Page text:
Tuesday, March 22, 2011
The Open Story of the Japan earthquake

Moments after a massive earthquake struck Japan on March 11, Chris Postnikoff posted a photo on iReport of a crack in the earth in Chiba, Japan. In his iReport he described the photo as evidence "it was no mere tremor."


Of course now it's very clear to everyone it was no mere tremor -- the quake left thousands dead and more missing, triggered tsunamis and damaged nuclear reactors -- but at the very moment of the shaking, none of that was apparent. iReporter Postnikoff and hundreds of others snapped photos and videos of their singular, dramatic experience and posted them to CNN iReport.


In the minutes and hours following, photos and videos from all over Japan streamed in to iReport and all over the web, and the world began to get a clearer picture of what had happened from the many angles and perspectives of the event.


A story like this one is the kind of event that's impossible to view through just one lens -- it affects millions of people, and has as many angles as people involved. That's why at CNN iReport we've recently launched a new kind of approach for telling these kinds of massive stories: the Open Story. It combines iReports with reports from CNNers, and places them all on a map and along a timeline. And, of course, it invites contributions and comments.


We tried it out for the first time at the South by Southwest festival in Austin, Texas, as a way to cover that giant, sprawling event from a zillion angles. And now we're taking it out on a much more serious topic: the Japan earthquake and its continuing effects. Below you'll find some notes on how to navigate and use it.


But first, you should know it's a pilot, a beta, a first step toward something really grand. The idea of the Open Story is a new one, and something we're committed to building and improving over time. What we're working toward here is a true collaboration among a news organization and the many people who experience an event first-hand. Hope you'll let us know what you think -- and how we could improve -- in the comments.


The parts of an Open Story


Shared byline
The person who posts the first element of an Open Story shared a byline with all the other contributors.


'Add now' button
An invitation to add your own perspective to the story. You may add a photo, video, audio or text contribution.


The timeline displays avatars of each of the contributors, and runs chronologically from left to right (newest posts are on the right). Hover over the avatar to see the timestamp and name of each contributor.


The gallery in the center of the piece displays the photos and videos posted to an Open Story. For now, it shows the most recent iReport first. You can use the left and right arrows on the sides of the gallery to navigate backwards and forwards through the content.


The map displays each of the stories according to the place the iReporter located them. Click the "Expand Map" button to see a larger view and navigate through the iReport pins for each perspective in the story.


What's happening now
Just below the gallery, you'll see a ticker of the most recent activity on the Open Story, including a link to the most recently uploaded iReport as well as a link to see all of the iReports associated with this topic.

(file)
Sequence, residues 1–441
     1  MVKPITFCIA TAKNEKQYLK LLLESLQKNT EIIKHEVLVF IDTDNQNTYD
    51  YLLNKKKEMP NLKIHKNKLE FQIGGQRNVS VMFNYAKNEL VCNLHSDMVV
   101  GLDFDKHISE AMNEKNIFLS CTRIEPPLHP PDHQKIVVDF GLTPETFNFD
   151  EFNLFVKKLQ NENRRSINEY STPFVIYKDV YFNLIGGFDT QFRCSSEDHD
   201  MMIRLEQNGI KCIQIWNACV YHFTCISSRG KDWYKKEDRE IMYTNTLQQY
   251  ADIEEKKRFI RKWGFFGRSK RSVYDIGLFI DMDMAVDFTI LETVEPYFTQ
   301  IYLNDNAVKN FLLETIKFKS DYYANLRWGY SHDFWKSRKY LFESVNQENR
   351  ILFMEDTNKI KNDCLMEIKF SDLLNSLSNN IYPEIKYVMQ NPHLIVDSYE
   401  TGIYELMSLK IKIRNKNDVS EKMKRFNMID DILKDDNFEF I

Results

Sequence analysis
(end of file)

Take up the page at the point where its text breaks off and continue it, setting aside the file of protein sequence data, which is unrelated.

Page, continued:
This part comes from a CNN producer, and adds written context to all the photos and videos above.


Latest additions
iReports are vetted -- which means they're fact-checked and verified -- before they're included in the Open Story gallery and timeline. The latest additions box shows all of the most recently posted iReports on this topic.


Just like on any story on CNN.com - we're eager to hear what you think.

March 22, 2011
Click to view SlickNick's profile

Well done Lila.Thankyou..

March 23, 2011
Click to view burraj51's profile

Regarding the contaminated water in Tokyo, a point not made on TV is that radiation is not only a problem in drinking the water, but when one showers, water vapor allows the radioactive iodine to be inhaled, thus recommending drinking from water bottles will not solve this aspect of the problem.

March 27, 2011
Click to view ruaconcuoi's profile

i think the government should have some preventative solution  such as: when they find the ares which has been radioactive ,they should evacuate and let them drink medicine

March 28, 2011
Click to view Musicman519's profile

Please interview an expert on radiation exposure. The Global community needs to know the actual excessive amounts of radiation being released from the Fukashima plant. They are currently being measured in hourly limits as opposed to yearly acceptable limits.

The current mis-information tactics should be considered unacceptable. What is the final solution for containment, and why is there no international pressure to resolve this accident? The "News Media" needs to step up their game and focus on this crisis with some old fashion investigative journalism.


April 4, 2011
Click to view buss9k's profile

nuke leak put a long section of pipe thats wide enought to let the flow go freely threw but put shut off value on pipe first put bare end of pipe as close as you can .then put some kind of solid mat on top middle of bare end of pipe with shut off open to keep cement out of flow . then pour cement may mix dry mix just before it hits damaged area or let set up alittle(get thicker let dry a bit then pour that wet stuffin their ,let set up (get hard )close shut off wow ps could been done by now you can do this











April 7, 2011
Click to view MediaDesign's profile

Job well done!

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